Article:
There have been reports of several layoffs in the US steel industry this year, in contrast to last year’s news of plant restarts and new plants. Last year, Section 232 tariffs lifted steel prices, which are currently hovering near multiyear lows and triggering plant closures and job losses.
US steel industry and Trump’s tariffs
The US steel industry has stayed in the headlines since Donald Trump’s election three years back. His election triggered a buying spree in stocks such as U.S. Steel Corporation (X), AK Steel (AKS), and Cleveland-Cliffs (CLF). Keeping his word, Trump imposed a 25% tariff on steel imports last year, resulting in US steel prices surging to a decade high in the year’s first half. Falling imports and higher prices triggered an increase in domestic production as well. As cash flow and profitability increased, domestic mills announced new projects and the restart of some idled mills. U.S. Steel Corporation, for instance, restarted two blast furnaces that were idled in 2015. New mills and restarts meant new jobs in the US manufacturing sector.
Things come full circle
Fast forward to this year, and the steel industry is still in the news, but for other reasons. There have been several plant closures and layoffs. Earlier this year, X closed two of its US blast furnaces, AKS permanently closed its Ashland Works facility, and ArcelorMittal (MT) idled its tin mill plants. Domestic steel prices plunged to multiyear lows despite Trump’s Section 232 tariffs.
The new wave of layoffs in the US steel industry
We’re now seeing a fresh wave of layoffs in the steel industry. Last week, U.S. Steel Corporation confirmed it is laying off some employees. The Pittsburg Post-Gazette reported the company said, “We need to truly become a leaner, more efficient organization faster.” It added, “As part of this process, we are taking the difficult step to eliminate a number of non-represented positions in the United States.” However, the company hasn’t revealed how many employees would be laid off as part of its restructuring.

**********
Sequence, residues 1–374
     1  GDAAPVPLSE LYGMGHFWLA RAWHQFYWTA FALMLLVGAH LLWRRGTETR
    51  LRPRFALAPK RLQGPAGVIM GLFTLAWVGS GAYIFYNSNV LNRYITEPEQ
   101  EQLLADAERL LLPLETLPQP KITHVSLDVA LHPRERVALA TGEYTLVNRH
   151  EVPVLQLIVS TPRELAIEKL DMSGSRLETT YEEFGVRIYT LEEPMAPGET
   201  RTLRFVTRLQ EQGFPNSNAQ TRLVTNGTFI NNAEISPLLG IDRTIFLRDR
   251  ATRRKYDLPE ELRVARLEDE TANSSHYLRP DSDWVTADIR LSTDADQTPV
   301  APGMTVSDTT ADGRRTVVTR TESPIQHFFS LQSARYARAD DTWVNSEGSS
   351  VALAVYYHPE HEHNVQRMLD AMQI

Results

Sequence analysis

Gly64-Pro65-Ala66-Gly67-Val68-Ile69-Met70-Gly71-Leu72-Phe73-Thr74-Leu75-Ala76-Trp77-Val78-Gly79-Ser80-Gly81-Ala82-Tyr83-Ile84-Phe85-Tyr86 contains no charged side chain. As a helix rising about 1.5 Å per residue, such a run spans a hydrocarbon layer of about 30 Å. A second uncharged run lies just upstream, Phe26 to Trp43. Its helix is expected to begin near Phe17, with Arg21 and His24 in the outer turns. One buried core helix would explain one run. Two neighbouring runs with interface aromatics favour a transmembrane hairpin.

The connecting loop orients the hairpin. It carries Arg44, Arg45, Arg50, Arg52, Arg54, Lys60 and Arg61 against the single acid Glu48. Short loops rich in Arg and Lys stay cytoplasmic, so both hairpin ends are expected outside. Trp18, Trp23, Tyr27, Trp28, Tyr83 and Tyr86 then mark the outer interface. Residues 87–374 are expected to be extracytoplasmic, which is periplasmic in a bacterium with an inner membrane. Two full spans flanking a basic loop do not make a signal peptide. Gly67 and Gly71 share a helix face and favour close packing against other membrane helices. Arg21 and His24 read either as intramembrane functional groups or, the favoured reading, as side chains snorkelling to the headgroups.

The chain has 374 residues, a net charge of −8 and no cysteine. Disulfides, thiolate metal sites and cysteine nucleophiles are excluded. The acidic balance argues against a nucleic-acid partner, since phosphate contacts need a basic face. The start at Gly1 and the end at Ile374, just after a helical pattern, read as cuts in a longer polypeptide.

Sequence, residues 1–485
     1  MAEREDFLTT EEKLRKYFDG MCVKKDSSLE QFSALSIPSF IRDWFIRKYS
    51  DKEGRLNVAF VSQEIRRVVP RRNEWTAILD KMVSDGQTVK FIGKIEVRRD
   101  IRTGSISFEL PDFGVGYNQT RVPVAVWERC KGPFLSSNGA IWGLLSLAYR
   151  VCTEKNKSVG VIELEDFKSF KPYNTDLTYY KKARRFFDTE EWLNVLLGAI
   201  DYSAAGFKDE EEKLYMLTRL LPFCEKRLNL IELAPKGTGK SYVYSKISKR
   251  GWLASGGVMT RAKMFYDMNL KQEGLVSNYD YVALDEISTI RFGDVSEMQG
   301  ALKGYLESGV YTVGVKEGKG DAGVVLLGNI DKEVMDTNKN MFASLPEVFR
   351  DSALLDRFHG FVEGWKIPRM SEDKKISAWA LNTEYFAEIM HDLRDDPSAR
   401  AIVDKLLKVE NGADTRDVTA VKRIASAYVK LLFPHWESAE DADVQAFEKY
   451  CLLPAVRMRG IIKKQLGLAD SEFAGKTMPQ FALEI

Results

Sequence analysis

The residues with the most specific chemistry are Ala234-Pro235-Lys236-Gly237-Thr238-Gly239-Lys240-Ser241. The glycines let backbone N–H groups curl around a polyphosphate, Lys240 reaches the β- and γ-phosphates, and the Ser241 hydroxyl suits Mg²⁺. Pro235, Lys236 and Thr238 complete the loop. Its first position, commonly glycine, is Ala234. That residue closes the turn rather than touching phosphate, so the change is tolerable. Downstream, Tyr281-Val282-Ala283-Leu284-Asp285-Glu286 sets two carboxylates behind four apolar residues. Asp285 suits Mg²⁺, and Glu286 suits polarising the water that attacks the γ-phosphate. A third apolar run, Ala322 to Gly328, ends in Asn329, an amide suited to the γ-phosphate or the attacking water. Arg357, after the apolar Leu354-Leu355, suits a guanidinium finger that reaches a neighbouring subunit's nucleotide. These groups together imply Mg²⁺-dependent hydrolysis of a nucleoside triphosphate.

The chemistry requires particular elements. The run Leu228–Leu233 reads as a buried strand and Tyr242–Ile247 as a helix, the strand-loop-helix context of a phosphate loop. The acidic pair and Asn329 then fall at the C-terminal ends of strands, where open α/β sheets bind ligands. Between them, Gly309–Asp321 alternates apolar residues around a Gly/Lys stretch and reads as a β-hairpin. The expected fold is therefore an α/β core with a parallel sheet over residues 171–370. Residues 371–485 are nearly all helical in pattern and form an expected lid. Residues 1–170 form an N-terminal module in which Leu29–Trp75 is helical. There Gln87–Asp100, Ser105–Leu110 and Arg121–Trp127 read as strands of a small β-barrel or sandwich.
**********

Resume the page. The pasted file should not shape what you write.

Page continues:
Layoffs despite Trump’s tariffs
Argus Media reports ArcelorMittal will be idling one of its blast furnaces at Indiana Harbor. Typically, such idling is followed by layoffs, especially considering that steel demand is modest at best. Also, with new capacity set to come online in the next decade, some idled blast furnaces might be permanently closed. AK Steel’s Ashland Works plant is a perfect example. The company permanently closed the plant based on its assessment of the long-term demand-supply situation.
Meanwhile, layoffs in the US steel industry have put Trump’s Section 232 tariffs in the limelight. The tariffs were supposed to turn around US steel companies’ fortunes, but that’s not exactly the case, as falling prices and job losses reflect. Incidentally, George Bush also tried his luck with steel tariffs in his tenure. Eventually, he had to roll them back. Could Trump’s tariffs meet the same fate? For more insights, read Will Trump’s Steel Tariffs Fail Like Bush’s Tariffs?